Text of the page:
The number of real estate professionals stealing money from customers is on the rise in Florida, state officials say.
Florida Division of Real Estate officials are hearing more and more anecdotes from investigators related to brokers dipping into clients' escrow accounts. It is currently investigating 139 complaints.
The uptick has sparked the Division of Real Estate to perform random audits, a practice it stopped nearly a decade ago.
And in just four months from May to August, the state used its emergency powers to suspend the licenses of five brokers who stole nearly $1.1 million from clients, a move used only when the public is at great risk of being harmed by a real estate worker. In the previous three years, it had used the emergency suspension order only six times.
A 42-year real estate veteran and member of the Florida Real Estate Commission fears the problem will grow as the economy languishes.
"These people are going to keep doing this until they get caught or until someone turns them in," said Roger Enzor of Pensacola. "They're taking other people's money."
Tampa broker Bruce Edward Manny was one of the five recently suspended brokers.
He owned Land Ho of Tampa Bay and was supposed to collect rents and security deposits and turn them over to landlords. Now the state has accused him of stealing $225,000 from 200 clients.
On Feb. 25, Vintage Real Estate in Brandon hired Manny. Days later, Manny told Vintage officials that he had a priority list of owners he paid each month, not a standard real estate practice, which raised the suspicions of managing broker Christopher O'Brien.
O'Brien then overheard Manny tell clients "that I don't have your security deposit."
O'Brien asked Manny about the money.
"I don't have it," Manny told O'Brien, according to investigative records. He immediately fired Manny and filed a complaint with the state.
Auditors examined Manny's records and discovered he was "essentially stealing from over 200 Florida consumers." During an interview with state auditors, Manny "lacked remorse and reacted with indignation and anger. He stated he did not want to go to jail."
In suspending Manny's license, Ken Lawson, secretary of the Department of Business and Professional Regulation, which oversees the Division of Real Estate, wrote that Manny knew he was committing possible crimes.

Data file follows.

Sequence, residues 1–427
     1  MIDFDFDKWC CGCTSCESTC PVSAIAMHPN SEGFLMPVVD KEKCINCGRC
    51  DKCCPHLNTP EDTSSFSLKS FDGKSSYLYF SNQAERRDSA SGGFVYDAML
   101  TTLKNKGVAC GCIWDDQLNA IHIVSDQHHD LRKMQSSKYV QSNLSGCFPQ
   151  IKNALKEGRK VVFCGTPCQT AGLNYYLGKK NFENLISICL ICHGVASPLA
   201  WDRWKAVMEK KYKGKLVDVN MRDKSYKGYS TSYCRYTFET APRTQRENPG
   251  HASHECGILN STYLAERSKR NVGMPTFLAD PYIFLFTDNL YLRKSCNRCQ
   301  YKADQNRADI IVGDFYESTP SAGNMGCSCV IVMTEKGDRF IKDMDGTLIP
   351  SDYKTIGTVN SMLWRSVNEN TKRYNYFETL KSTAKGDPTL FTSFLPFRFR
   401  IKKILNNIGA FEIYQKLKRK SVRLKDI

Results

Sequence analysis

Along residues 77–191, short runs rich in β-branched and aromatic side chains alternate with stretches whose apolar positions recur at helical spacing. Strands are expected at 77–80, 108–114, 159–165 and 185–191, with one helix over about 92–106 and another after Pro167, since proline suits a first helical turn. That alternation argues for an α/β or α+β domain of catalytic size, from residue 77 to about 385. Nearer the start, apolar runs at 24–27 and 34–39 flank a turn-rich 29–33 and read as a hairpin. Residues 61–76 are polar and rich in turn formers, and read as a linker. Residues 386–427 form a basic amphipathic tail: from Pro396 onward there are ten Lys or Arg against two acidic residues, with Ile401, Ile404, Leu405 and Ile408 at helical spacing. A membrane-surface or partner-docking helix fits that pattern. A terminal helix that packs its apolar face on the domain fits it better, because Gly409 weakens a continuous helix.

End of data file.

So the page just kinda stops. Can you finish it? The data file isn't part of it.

"Loss of money or income at any point in time is harmful," Lawson wrote in the suspension order. "But in these current economic times, the loss of money for citizens of this state can have dire consequences."
The Hillsborough State Attorney's Office is now reviewing the case. The state disciplined Manny in 1990 and 1998 for failing to maintain escrow accounts.
Scott Bohnsack said Manny owes him more than $10,000 for rent on a Tampa home. He wants Manny prosecuted.
"I want my money back," he said. "The state needs to send a message (to real estate professionals). There needs to be an example set."
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The St. Petersburg Times reported in February that unscrupulous real estate professionals who defraud clients or otherwise break the laws rarely get prosecuted or charged with crimes. Of the 1,595 cases the agency sent to state attorney's offices in 2009 and 2010, the Times found that:
• Cases involved a few hundred dollars to tens of thousands, and the average investigation took more than 18 months. The time lapse allowed more than 100 real estate professionals to commit additional misdeeds while the initial complaint was still being investigated.
• Of the 33 most egregious cases — ones in which the real estate board eventually revoked or suspended the license — only three were charged with a crime.
Michael Guju, an attorney and vice chairman of the Real Estate Commission, said he wants the state to use more emergency suspensions to deal with rogue real estate agents.
On top of the Manny case, the recent emergency suspensions were of a Fort Myers broker accused of taking $624,000; a Sarasota broker and $167,000; a Cape Coral broker and $35,000; and a Boca Raton broker and $23,000.
"We have to get better at it and knock the rust off the wheels," Guju said. "We have to send a direct message to those who are tempted to take money. These wrongful acts will not be tolerated. It's a black eye for Realtors."
Division of Real Estate officials cannot provide specific numbers before July of this year for escrow complaints because of a previous, antiquated computer system.
Last year, the division spent less on investigations than it did in 2005. Enzor, of the Florida Real Estate Commission, said audits should be a priority instead of pursuing lesser offenses like unlicensed activity. Years ago, he said, real estate professionals feared state investigators. Not any longer.
"The investigators were the kings," Enzor told the Times. "They were respected and enforced the laws. Nowadays, people aren't afraid to take money."
More audits could occur if the Legislature stopped raiding a Division of Real Estate trust fund that pays for the investigations, officials say. Real estate license fees and fines go into the trust fund. The Legislature has diverted $7.6 million since 2008 to help balance the state's budget.
The practice is neither new nor improper. But the recent escrow shortages should be a wakeup call for legislators, Enzor said.
"We need the investigators," he said. "We have to have a respectable real estate industry in Florida."
Mark Puente can be reached at email@example.com or (727) 893-8459. Follow him on Twitter at twitter.com/markpuente.